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After an international tribunal invalidated Beijing's claims to the South China Sea, Chinese authorities have declared in no uncertain terms that they will be ignoring the ruling.

The Philippines brought the case to arbitration at the Hague, objecting to China's claims to maritime rights in the disputed waters. The tribunal agreed that China had no legal authority to claim the waters, and was infringing on the sovereign rights of the Philippines.

Donald Trump is firing back at Supreme Court Justice Ruth Bader Ginsburg after she made disparaging comments about him in several media interviews. He tweeted late Tuesday that she "has embarrassed all" with her "very dumb" comments about the candidate. Trump ended his tweet with "Her mind is shot - resign!":

Donald Trump wrapped up his public tryout of potential vice presidential candidates in Indiana Tuesday night with Gov. Mike Pence giving the final audition.

The Indiana governor's stock as Trump's possible running mate is believed to be on the rise, with New Jersey Gov. Chris Christie and former House Speaker Newt Gingrich also atop the list. Sources tell NPR the presumptive GOP presidential nominee is close to making a decision, which he's widely expected to announce by Friday.

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The unassuming hero of Jonas Karlsson's clever, Kafkaesque parable is the opposite of a malcontent. Despite scant education, a limited social life, and no prospects for success as it is usually defined, he's that rarity, a most happy fella with an amazing ability to content himself with very little. But one day, returning to his barebones flat from his dead-end, part-time job at a video store, he finds an astronomical bill from an entity called W.R.D. He assumes it's a scam. Actually, it is more sinister-- and it forces him to take a good hard look at his life and values.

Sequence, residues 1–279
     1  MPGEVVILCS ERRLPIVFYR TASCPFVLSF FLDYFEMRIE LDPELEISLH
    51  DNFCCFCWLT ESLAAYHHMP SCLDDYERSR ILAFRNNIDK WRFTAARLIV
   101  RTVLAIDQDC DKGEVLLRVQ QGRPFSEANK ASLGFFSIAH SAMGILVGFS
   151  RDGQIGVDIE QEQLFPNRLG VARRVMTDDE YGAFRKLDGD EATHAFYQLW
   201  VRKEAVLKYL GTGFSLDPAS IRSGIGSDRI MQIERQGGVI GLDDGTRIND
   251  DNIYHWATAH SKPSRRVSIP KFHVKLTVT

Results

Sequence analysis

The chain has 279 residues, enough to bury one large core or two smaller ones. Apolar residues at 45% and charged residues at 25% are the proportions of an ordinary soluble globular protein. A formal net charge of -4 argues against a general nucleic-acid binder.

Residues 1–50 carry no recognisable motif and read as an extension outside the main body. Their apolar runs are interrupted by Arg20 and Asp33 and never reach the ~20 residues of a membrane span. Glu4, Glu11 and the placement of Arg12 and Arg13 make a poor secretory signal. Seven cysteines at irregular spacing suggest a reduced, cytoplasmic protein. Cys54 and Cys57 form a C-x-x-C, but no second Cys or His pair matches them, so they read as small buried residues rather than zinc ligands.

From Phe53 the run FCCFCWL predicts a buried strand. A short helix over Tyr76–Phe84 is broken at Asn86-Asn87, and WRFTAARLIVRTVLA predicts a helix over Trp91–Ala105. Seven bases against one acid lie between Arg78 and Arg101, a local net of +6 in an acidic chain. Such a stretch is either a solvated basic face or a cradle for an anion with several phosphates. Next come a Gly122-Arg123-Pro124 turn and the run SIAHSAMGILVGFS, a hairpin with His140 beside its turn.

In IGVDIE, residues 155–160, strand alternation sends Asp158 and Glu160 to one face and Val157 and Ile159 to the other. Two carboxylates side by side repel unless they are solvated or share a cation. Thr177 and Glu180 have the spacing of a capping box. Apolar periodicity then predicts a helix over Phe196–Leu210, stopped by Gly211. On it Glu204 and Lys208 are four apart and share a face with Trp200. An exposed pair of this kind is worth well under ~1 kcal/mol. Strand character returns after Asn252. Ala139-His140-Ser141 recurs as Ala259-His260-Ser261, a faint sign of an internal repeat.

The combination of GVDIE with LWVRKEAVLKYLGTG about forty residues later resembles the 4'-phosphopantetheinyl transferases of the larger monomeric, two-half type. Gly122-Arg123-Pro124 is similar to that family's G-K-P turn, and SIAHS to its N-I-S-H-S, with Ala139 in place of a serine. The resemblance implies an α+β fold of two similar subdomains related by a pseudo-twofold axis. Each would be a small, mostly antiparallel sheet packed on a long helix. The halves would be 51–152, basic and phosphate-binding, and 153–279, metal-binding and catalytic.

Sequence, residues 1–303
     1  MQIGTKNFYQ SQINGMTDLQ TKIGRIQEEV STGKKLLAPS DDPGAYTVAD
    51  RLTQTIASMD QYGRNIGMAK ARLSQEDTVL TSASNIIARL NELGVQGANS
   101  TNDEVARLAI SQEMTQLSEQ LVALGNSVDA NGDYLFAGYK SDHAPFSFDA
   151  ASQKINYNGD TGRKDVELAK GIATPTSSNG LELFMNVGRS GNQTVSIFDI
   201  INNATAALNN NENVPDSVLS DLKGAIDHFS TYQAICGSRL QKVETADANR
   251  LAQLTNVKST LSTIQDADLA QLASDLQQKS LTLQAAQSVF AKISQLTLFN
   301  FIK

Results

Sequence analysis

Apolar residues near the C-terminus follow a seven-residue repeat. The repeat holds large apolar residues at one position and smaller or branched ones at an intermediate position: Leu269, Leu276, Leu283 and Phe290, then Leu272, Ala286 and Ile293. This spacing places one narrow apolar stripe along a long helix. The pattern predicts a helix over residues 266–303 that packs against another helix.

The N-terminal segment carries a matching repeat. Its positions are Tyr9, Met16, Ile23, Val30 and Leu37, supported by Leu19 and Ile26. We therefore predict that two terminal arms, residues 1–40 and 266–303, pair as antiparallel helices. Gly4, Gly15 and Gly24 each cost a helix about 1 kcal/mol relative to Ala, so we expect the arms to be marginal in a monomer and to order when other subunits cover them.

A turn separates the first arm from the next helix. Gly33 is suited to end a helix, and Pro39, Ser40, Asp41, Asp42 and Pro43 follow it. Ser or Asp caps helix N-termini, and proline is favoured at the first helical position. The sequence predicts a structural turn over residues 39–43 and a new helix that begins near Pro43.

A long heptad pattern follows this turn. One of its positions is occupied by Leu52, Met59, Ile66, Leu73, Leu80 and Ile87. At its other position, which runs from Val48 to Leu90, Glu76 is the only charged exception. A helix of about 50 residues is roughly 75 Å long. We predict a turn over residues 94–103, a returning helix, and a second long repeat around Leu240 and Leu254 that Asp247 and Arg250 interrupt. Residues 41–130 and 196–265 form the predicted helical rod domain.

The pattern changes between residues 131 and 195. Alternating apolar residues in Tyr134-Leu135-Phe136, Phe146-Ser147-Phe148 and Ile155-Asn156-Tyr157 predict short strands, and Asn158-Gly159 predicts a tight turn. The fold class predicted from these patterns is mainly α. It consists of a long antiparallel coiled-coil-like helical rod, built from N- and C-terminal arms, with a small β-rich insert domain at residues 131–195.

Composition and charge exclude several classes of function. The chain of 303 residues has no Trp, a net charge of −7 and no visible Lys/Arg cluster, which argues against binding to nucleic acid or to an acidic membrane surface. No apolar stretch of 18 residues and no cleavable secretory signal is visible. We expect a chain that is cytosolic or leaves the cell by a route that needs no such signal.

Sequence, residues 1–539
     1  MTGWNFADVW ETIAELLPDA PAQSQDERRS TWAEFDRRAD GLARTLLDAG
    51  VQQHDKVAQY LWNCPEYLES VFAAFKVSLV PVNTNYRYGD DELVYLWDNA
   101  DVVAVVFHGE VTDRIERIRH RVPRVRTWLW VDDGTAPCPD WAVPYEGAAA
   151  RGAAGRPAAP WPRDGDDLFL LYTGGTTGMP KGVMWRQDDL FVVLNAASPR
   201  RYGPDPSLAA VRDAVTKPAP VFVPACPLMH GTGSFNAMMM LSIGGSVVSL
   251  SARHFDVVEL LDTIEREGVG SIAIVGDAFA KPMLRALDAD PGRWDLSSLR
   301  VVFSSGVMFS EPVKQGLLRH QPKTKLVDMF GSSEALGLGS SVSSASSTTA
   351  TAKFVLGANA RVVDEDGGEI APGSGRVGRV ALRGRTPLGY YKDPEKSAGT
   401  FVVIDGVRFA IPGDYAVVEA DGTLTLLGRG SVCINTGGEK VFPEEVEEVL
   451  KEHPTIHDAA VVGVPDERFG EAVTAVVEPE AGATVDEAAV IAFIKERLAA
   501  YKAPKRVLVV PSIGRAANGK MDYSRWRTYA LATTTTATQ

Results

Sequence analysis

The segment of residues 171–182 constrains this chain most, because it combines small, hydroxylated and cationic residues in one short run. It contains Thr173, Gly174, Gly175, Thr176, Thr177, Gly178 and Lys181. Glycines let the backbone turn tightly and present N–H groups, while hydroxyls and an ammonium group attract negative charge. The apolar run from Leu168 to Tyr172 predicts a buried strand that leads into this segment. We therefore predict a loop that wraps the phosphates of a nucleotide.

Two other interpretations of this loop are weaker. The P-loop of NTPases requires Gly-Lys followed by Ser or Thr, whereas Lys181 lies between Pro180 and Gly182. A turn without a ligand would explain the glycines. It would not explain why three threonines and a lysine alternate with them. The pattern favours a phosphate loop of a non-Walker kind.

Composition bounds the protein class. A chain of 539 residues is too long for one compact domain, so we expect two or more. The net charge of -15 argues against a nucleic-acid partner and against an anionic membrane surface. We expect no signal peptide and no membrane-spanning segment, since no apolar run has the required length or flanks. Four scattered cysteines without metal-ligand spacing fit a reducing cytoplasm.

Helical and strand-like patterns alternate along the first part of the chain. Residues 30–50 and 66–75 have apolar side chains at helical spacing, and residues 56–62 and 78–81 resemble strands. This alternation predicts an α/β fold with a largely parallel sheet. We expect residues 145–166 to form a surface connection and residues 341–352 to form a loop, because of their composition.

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Donald Trump picked a military town — Virginia Beach, Va. — to give a speech Monday on how he would go about overhauling the Department of Veterans Affairs if elected.

He blamed the Obama administration for a string of scandals at the VA during the past two years, and claimed that his rival, Hillary Clinton, has downplayed the problems and won't fix them.

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The season for blueberries used to be short. You'd find fresh berries in the store just during a couple of months in the middle of summer.

Now, though, it's always blueberry season somewhere. Blueberry production is booming. The berries are grown in Florida, North Carolina, New Jersey, Michigan and the Pacific Northwest — not to mention the southern hemisphere.

But in any one location, the season is still short. And this means that workers follow the blueberry harvest, never staying in one place for long.


The Optimists' Turn: EU's Crisis May Not Be So Bad